The deep-seated patriarchy in modern Western spirituality needs serious attention. Even in these days of growing political and economic parity, women are still being shut out of the guidance of our minds and souls, to great and I believe disastrous effect. At the very least it leads to skewed priorities, as we see from Catholic authorities more concerned that nuns advocate against contraception instead of for the needy. The 9/11 hijackers were rigorously kept in a male-centered world; Mohammed Atta didn’t even want women at his funeral.
Maybe this curious piece of papyrus might light the way to a discussion of just what the women were doing in Jesus’s day, and what they might do for us now. Something needs to.
I have decided to come clean. I am not an atheist.
People who note the Abrahamic and Gothic mythologies behind my first novel, might be a little surprised to hear I ever thought I was an atheist. Thing is, they’re my mythologies too. I’m as entitled to use them to tell my difficult tales as the wonky Athenians were when they took up PTSD through the lens of oracles and furies.
But I thought I was an atheist. I evolved (I mean, a priori). I’m embarrassed by human religions, all illogically animist, perniciously tribal and desperately placatory. The bit in Monty Python’s The Meaning of Life, where the school choir sings “Oh Lord, please don’t burn us / Don’t grill or toast your flock”? Nutshell. I’ll give Christ points for trying but he got disillusioned hard — I suspect more by the carnival of Palm Sunday than the crucifixion that followed. Building your church on the guy who thrice denied you to the cops, and calling him your rock? That’s one bitter parable.
But I digress.
I just can’t in good conscience call myself an atheist anymore. It’s not even conscience. I recoil in my gut. It’s not merely how self-satisfied they are, from their eloquently brutal public advocates to the know-it-all kids in so many blog comments. It’s that they think they’re just as cosmically right as theists, and they’re not. There is more to heaven and earth, as Hamlet says. I know it in my bones, and to tell me I am wrong to trust this knowledge is as much a con as what the religious try to sell me.
I’ve been checking out agnosticism, which is slowly developing its muscles (and thanks to the wonderful Aldous, I’m open to any idea that comes from a Huxley). Again, the terms of debate all seem to rest on God’s presence or absence. Why must it be so reductive? Why begin with a God, a monolithic spiritual source — or its absence? Even matter changes rules from the very small to the very big, and “matter” itself seems to be a subset of things-that-are-not-energy. Such fecundity and contradiction in things we can see and touch, yet the immaterial is or isn’t in just one way?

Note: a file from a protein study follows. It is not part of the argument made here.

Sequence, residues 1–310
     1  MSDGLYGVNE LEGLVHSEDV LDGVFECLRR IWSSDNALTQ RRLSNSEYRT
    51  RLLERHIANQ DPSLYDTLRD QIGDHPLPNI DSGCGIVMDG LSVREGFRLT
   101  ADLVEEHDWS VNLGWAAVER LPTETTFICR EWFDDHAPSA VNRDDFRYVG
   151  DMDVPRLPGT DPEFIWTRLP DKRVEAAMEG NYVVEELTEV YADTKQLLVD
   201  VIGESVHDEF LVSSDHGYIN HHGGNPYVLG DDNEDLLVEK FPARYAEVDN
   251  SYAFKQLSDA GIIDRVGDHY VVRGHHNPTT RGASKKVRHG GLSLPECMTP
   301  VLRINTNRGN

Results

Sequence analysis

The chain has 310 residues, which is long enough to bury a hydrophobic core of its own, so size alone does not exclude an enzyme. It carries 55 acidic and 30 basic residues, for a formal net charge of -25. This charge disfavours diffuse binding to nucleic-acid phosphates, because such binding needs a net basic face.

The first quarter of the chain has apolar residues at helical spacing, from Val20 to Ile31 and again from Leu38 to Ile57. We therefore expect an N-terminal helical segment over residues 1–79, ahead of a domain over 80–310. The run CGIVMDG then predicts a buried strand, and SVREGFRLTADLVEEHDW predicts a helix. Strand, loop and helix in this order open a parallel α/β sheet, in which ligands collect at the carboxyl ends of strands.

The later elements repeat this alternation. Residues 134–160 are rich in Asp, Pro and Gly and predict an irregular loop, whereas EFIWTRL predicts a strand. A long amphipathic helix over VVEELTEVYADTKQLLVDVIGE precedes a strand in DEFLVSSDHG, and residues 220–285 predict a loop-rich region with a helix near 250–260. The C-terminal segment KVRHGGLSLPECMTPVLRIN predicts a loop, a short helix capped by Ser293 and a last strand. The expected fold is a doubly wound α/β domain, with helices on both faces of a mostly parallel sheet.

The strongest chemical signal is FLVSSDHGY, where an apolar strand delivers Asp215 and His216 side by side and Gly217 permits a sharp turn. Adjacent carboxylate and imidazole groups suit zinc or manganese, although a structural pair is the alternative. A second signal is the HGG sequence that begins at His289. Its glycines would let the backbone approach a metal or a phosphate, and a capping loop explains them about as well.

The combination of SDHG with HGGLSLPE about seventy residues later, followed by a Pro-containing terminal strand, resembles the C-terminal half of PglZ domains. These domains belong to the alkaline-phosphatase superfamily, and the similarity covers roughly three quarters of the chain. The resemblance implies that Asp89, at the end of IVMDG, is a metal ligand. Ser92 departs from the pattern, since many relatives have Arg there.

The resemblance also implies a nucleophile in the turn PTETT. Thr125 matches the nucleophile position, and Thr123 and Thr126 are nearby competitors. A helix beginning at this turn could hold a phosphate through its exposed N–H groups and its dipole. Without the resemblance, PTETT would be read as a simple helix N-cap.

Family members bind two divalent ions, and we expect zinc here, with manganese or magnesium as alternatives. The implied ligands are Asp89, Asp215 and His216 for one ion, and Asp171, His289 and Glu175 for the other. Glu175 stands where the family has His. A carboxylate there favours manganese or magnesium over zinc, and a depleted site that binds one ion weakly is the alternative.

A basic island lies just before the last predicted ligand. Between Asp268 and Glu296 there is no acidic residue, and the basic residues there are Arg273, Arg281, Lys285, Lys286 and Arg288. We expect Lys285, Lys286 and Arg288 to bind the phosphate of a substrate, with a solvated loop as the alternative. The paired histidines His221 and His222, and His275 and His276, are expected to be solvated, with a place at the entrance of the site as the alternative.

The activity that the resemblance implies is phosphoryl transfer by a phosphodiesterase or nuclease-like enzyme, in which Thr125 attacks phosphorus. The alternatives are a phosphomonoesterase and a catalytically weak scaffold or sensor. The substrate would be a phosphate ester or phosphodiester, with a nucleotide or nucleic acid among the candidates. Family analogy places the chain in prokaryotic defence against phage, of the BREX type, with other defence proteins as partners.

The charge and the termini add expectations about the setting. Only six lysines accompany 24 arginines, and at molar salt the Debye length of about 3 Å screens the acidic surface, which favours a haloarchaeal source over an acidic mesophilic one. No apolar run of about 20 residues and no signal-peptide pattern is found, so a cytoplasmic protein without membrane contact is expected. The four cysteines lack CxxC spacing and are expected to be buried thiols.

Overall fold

I am declaring my own path, and maybe I’ll find fellow travelers. Here’s the map:
I know there is something beyond the physical. I don’t know if it moves mountains but I believe it moves crowds. I believe one day we will have words for it and a form of evidence-based science to explain it — at least as much as our little primate brains can hold. One day maybe our robots will intercede with it for us, as they do with planets now.
I suspect it is, or is found through, an emergent property of humanity or consciousness, just as consciousness is an emergent property of the systems that regulate the disparate organs of single living things. Or not, or also: maybe a kind of life encompasses our own, as we encompass E. coli; maybe it inspires us to write holy books and seek oracles so we treat each other nicely and don’t poison it.
And, sometimes, inevitably and probably usefully, it gets nasty and horrible in the worst ways, echoing and expanding the damage of our own puny venal selves. As all our burning hydrocarbons make tornadoes and hurricanes, as supernovas kill their own worlds and make new ones.
Something is there. What it is, I don’t know. I am OK with that; I even think it a strength. I can contemplate it without preconceptions. I can break bread with the religious, in its generous spirit, learning the peripheral truths of their myths, without being bound by miserly dogma — and without the burden of contempt.
Something is there. We have only known about dark matter for a couple of decades, and all we know for sure is that without it, the universe doesn’t hold together.
Call this, dark consciousness. I believe in it. I have faith.